thd9791

Master Member
RPF PREMIUM MEMBER
Yea! I should have clarified, I was asking what you used to darken the brass

I have a theory that the whole grenade was dark and they stripped the upper neck so they could weld on the emitter, and that crap is flash from welding and not glue
 

Mouse Vader

Well-Known Member
sometimes used to halt corrosion, maybe they did this to "preserve" the stupid thing
Your ref to thread lock - you may note it was invented in 1953. Contemporary methods (if used) may have been pitch based or shellac based. From many years experience disassembling old rusty things, heavily oxidised (ie very old) oil with fine rust will produce a gummy, sticky, brown, goo when heated.
 

newmagrathea

Sr Member
Yea! I should have clarified, I was asking what you used to darken the brass

I have a theory that the whole grenade was dark and they stripped the upper neck so they could weld on the emitter, and that crap is flash from welding and not glue
Ok, I misunderstood. I used Birchwood Casey Aluminum Black to darken the brass. Interesting theory.
 

thd9791

Master Member
RPF PREMIUM MEMBER
Your ref to thread lock - you may note it was invented in 1953. Contemporary methods (if used) may have been pitch based or shellac based. From many years experience disassembling old rusty things, heavily oxidised (ie very old) oil with fine rust will produce a gummy, sticky, brown, goo when heated.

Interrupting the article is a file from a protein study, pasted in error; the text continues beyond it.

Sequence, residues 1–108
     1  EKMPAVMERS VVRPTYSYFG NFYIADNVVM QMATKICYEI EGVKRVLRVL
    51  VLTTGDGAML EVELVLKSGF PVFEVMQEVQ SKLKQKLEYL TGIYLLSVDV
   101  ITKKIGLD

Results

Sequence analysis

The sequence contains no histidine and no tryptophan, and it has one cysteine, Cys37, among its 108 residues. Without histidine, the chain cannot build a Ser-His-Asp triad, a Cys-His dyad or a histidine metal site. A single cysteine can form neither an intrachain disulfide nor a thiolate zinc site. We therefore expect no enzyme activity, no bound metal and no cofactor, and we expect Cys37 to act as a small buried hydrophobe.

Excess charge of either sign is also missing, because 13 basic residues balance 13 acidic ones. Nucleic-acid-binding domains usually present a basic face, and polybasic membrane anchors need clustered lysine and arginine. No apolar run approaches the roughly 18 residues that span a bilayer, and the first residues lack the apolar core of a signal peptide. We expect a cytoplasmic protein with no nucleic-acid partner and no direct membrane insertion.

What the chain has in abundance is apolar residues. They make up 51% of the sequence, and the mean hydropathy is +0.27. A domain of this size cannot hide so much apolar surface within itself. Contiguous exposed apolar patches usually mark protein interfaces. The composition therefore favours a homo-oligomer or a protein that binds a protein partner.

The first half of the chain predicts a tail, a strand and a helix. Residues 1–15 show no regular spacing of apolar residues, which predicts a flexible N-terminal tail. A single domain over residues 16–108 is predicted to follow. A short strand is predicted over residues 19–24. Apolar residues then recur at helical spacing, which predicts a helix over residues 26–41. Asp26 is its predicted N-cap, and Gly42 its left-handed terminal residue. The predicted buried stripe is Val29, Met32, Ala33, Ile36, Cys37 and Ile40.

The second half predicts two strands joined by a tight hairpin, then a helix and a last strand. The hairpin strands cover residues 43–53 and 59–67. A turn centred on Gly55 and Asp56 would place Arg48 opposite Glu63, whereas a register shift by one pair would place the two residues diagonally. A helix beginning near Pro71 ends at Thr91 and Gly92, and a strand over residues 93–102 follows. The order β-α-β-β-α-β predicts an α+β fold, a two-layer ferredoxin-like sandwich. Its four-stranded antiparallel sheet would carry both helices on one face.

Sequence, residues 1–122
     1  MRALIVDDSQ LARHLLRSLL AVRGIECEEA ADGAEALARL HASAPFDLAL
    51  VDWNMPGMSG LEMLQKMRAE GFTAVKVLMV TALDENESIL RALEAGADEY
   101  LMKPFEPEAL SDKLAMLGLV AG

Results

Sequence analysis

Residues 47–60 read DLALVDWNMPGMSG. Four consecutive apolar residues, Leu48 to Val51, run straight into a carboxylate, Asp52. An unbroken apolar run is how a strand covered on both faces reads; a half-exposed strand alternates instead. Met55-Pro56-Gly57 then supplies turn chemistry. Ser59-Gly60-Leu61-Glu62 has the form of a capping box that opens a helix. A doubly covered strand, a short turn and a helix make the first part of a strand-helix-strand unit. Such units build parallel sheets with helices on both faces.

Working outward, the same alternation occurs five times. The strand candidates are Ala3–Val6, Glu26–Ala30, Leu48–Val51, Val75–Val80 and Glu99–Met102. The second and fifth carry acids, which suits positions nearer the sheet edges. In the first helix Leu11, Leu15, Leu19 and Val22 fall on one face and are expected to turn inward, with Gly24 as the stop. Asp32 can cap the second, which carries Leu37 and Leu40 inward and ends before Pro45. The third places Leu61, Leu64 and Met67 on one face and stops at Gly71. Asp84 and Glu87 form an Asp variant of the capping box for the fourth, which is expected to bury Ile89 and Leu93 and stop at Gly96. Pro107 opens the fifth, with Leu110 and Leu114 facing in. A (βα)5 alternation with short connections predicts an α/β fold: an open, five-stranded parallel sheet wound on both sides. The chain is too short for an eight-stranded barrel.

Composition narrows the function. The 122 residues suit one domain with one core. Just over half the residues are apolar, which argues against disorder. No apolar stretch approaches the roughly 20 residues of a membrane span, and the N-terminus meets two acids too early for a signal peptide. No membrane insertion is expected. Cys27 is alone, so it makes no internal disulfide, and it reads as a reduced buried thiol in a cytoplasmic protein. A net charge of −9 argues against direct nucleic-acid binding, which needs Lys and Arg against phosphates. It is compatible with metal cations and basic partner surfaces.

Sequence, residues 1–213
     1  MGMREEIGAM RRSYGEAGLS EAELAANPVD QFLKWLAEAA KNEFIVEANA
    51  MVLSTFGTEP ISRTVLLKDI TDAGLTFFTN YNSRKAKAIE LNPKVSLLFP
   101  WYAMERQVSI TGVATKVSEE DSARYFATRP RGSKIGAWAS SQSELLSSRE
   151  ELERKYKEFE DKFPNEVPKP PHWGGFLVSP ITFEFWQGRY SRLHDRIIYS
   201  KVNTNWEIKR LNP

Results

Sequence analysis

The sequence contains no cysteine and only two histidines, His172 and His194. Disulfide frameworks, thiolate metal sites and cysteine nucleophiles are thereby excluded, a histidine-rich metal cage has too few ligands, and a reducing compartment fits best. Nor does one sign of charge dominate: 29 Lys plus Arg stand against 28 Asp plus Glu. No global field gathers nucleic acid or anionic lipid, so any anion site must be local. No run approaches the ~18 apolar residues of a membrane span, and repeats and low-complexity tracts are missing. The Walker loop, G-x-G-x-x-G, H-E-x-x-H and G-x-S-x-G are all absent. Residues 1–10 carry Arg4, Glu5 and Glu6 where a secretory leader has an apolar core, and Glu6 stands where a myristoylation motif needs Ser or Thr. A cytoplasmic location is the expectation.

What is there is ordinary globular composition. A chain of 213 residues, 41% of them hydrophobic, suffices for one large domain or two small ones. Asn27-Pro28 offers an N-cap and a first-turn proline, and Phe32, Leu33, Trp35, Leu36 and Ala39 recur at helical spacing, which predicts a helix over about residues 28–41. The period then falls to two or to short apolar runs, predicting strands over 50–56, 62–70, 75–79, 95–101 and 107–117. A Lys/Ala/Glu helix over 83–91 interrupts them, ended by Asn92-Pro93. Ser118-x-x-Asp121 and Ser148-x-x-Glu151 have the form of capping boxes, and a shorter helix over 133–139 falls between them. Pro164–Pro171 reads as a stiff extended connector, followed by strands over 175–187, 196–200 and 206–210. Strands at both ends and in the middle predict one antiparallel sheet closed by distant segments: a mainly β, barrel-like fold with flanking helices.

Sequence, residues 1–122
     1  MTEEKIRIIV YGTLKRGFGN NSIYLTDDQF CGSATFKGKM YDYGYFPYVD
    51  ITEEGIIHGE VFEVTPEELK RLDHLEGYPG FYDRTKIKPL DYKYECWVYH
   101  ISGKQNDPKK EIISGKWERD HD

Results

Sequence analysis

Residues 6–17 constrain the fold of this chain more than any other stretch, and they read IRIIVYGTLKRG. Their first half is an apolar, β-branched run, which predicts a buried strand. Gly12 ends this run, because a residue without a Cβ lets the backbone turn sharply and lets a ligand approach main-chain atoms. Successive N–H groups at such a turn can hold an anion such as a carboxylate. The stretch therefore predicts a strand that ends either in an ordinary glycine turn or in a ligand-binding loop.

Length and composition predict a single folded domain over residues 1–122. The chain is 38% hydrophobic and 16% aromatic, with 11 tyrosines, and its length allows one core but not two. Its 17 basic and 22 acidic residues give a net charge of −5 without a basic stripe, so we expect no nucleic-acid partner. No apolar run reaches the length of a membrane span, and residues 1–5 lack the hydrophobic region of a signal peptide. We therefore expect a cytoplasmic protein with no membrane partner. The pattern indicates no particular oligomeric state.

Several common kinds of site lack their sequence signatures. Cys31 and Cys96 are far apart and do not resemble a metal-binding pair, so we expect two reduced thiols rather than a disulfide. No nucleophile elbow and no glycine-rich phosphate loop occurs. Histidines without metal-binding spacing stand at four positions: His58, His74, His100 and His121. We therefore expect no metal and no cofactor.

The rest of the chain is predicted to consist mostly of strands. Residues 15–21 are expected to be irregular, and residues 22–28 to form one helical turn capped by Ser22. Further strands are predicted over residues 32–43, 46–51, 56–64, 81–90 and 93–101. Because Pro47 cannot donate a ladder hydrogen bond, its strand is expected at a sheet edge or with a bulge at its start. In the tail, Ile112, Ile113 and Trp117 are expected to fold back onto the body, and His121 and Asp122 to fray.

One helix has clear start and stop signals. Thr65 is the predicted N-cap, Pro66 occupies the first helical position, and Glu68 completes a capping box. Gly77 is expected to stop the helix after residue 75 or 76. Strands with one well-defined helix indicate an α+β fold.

That happened to me! Oxidized oil and rust, it is so strong
 

Mouse Vader

Well-Known Member
Just watched the disassembly video, the sort of thing I've been doing for the last 30yrs. Some observations:

As you've found out files make poor tommy bars.

As I say above thread lock wasn't available until the 1950/60's.

I've researched a lot old rusty things in museums & first hand, under certain rust forming conditions & esp in soil, rust can form with a glossy surface which is usually very hard but also people do apply varnish. Varnish tends flake, wear or can be cut off to normal looking rust underneath the glossy rust doesn't. Yours looks like glossy rust & probably a field find.

That same grenade looks like it's been through a slightly dodgy dealer & I'd ascribe the brass paint to 'restoration'. This sort of thing gets done by certain antique dealers to 'dupe' the less savvy buyer into thinking somethings in better condition than it is. Sometimes it's just a non-collecter owner wanting to spruce things up. I've met it before & say it's unlikely to be a factory thing.